The Expanding Career of Melissa Jackson

The Expanding Career of Melissa Jackson

This past year, the Piedmont College mass communications department welcomed a new video professor, who came with a very long resume. From working at WSB as a reporter to interviewing A-Listers on the red carpet, Melissa Jackson has done a little bit of everything when it comes to the video field.

Jackson graduated from the University of Southern Alabama with a bachelor’s in Mass Communications. She wanted to pursue writing and photography, and had a great passion for literature. She had a few internships with photography studios, but found she wanted to pursue something that incorporated her writing skills. The answer to her dilemma was television.

Jackson found that she loved telling stories and “got bitten by the news bug.” She started out as a videotape editor on the overnight shift and slowly worked her way up to becoming a producer and reporter.

“While I was in college, I started interning at two different television stations and it changed my world,” said Jackson. “As strange as it sounds, I’ll never forget my first [time covering a] murder….. It was one of those mixed emotions of fascination and horror and sadness.”

Jackson went on to cover numerous tragedies in her television broadcast career, such as murders and drownings, but she also got to meet very interesting people that she never would’ve met in different career paths. Her experiences in broadcast television helped her grow as a person, as she told all kinds of stories.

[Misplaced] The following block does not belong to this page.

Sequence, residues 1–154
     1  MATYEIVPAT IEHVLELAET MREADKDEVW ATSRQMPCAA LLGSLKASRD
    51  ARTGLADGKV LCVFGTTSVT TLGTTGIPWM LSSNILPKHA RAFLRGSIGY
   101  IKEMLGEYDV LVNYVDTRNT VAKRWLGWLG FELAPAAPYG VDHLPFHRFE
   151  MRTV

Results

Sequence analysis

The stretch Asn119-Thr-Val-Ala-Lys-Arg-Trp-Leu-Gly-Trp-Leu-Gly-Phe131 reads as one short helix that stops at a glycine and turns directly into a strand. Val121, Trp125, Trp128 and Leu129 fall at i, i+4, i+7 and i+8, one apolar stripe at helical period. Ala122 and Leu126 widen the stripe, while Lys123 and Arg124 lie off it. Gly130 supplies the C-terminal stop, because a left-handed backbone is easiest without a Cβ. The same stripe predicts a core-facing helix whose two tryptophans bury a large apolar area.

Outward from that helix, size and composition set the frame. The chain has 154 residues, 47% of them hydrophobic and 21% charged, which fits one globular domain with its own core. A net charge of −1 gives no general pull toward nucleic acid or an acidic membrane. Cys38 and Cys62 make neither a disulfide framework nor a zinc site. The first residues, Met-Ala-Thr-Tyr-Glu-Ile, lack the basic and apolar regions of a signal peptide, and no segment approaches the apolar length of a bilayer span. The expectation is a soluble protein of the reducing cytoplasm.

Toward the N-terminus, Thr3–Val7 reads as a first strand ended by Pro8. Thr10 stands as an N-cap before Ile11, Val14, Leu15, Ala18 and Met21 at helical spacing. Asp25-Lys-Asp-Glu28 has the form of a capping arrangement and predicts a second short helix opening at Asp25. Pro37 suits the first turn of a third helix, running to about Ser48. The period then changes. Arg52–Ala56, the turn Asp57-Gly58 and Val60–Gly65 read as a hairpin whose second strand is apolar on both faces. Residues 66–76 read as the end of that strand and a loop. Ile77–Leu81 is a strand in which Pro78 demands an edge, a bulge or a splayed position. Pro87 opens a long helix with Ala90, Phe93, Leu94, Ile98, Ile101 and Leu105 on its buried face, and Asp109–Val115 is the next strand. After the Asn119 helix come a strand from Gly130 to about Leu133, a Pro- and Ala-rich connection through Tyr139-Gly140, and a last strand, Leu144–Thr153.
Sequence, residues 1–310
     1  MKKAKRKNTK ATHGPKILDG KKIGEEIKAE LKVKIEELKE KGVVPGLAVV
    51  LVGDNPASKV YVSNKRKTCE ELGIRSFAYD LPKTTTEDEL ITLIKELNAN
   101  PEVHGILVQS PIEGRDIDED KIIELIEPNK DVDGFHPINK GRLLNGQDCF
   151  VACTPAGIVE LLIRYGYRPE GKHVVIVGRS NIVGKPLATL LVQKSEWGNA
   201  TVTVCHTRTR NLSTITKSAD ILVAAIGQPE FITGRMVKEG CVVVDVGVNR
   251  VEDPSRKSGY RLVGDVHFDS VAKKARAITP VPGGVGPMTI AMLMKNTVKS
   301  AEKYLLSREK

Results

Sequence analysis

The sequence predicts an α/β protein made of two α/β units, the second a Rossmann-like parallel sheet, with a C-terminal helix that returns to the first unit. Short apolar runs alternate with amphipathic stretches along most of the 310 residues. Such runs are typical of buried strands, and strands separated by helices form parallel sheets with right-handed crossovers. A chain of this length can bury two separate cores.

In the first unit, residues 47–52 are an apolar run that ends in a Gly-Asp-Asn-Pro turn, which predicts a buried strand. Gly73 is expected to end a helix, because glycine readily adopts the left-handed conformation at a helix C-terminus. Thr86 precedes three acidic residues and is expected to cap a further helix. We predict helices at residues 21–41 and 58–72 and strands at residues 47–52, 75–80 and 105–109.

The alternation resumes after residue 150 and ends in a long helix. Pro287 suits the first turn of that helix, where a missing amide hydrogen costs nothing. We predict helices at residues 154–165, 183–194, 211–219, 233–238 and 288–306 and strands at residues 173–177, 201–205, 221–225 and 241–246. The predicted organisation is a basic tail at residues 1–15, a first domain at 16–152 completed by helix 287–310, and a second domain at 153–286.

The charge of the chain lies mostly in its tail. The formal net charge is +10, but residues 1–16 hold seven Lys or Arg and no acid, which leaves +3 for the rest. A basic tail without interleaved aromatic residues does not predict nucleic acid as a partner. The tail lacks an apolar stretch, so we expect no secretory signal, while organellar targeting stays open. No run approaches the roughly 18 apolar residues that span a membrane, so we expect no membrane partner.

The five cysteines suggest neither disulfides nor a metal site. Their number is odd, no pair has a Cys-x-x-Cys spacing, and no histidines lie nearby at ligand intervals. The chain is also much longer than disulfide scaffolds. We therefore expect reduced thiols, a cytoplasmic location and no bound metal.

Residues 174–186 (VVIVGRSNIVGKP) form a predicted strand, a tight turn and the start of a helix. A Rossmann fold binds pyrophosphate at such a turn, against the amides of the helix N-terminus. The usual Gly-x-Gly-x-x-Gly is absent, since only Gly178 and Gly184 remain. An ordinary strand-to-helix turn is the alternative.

Jackson eventually wanted to get out of conventional broadcast news and moved to Atlanta, GA, where she got a job at WSB. She would cover special topics on the news, ranging from medical and consumer stories to religious and environmental stories. This work would lead her to her next career phase.

“I moved from specials into documentaries and I found that was really a niche that I loved, because you got to really get to the underbelly of different issues,” said Jackson.

While at WSB, Jackson worked with longtime anchor John Pruitt on different documentaries and long-form specials. One example of Jackson’s work was a long-running series on the foster care system of Georgia, which took her three years to make. Jackson also worked on a series called “Georgia’s Hidden Treasures,” which focused on stories that “combined culture and the environment and the beauty of our state as well as its history.”

At the same time, Jackson began producing an entertainment show with a friend at WSB, who often traveled to New York City and Los Angeles. Jackson found herself subbing for this friend every now and then and got to cover red carpet events, where she got the chance to interview big celebrities, such as George Clooney and Matthew McConaughey.

At one point in her career, Jackson traveled to Asia and worked on documentaries for the Discovery Channel while there. She was based out of Singapore and South Korea while she worked there.

Jackson eventually returned to the United States after a few years in Asia and worked in corporate video production and continued doing some work for WSB, including the farewell material for John Pruitt’s retirement. She eventually decided that corporate video wasn’t a good fit for her and began working for UGA and worked on documentaries for them. She then joined the public relations unit at UGA, where she coordinated and handled all film crews that used UGA properties. She found herself working with film crews from all different companies and also worked with “The Walking Dead” crew for multiple seasons.

Eventually, Jackson realized she wanted to become a professor and share her experiences and wisdom with students. She got her Master’s from the Grady College at UGA and begun teaching shortly afterward. Then, after a long career where she traveled all over the world, Jackson found herself teaching at Piedmont College in Demorest, GA.

“Basically, no matter what title I had, I was basically telling stories. I was a storyteller and that’s really what my craft was….. I wanted to bring all my experiences to bear for students to learn from.”